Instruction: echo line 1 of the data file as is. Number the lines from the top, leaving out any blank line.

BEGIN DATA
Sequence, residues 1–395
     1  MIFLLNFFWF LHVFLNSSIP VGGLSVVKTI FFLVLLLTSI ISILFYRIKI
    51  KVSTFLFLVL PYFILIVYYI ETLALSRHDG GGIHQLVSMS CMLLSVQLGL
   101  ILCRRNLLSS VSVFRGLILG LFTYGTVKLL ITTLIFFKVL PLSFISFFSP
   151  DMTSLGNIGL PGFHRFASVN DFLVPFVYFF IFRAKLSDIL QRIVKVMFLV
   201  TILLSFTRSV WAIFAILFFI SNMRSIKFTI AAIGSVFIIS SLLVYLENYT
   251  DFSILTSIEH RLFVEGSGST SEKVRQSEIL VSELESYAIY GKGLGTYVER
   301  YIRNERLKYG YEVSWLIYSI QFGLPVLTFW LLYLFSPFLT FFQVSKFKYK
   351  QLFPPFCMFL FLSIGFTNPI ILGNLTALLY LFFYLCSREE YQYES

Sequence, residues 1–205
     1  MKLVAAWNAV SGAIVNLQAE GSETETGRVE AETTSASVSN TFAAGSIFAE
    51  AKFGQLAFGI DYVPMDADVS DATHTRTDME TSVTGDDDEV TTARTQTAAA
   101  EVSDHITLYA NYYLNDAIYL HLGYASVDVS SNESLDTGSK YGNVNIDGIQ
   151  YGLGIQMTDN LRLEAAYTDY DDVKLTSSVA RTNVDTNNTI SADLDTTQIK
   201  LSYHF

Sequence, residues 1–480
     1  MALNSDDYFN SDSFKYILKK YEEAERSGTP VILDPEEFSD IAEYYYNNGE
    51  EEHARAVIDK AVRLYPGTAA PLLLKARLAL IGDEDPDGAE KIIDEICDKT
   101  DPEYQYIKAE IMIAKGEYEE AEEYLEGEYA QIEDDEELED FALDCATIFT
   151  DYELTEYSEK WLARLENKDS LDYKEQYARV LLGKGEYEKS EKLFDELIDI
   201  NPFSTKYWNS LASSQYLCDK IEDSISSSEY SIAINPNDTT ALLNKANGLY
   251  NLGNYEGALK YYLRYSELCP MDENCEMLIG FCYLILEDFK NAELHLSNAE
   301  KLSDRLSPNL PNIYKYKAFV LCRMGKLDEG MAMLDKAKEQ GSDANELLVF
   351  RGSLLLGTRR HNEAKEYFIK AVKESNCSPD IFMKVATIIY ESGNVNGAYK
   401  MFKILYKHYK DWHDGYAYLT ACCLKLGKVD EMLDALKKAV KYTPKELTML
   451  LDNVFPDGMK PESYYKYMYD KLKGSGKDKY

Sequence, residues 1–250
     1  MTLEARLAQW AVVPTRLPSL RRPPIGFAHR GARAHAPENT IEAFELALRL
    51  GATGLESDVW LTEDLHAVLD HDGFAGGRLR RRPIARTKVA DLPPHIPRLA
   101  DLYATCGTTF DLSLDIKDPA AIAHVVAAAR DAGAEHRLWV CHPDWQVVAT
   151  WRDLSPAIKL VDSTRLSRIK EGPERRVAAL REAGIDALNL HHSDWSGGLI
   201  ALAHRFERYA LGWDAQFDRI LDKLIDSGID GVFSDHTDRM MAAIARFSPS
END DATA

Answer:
Sequence, residues 1–395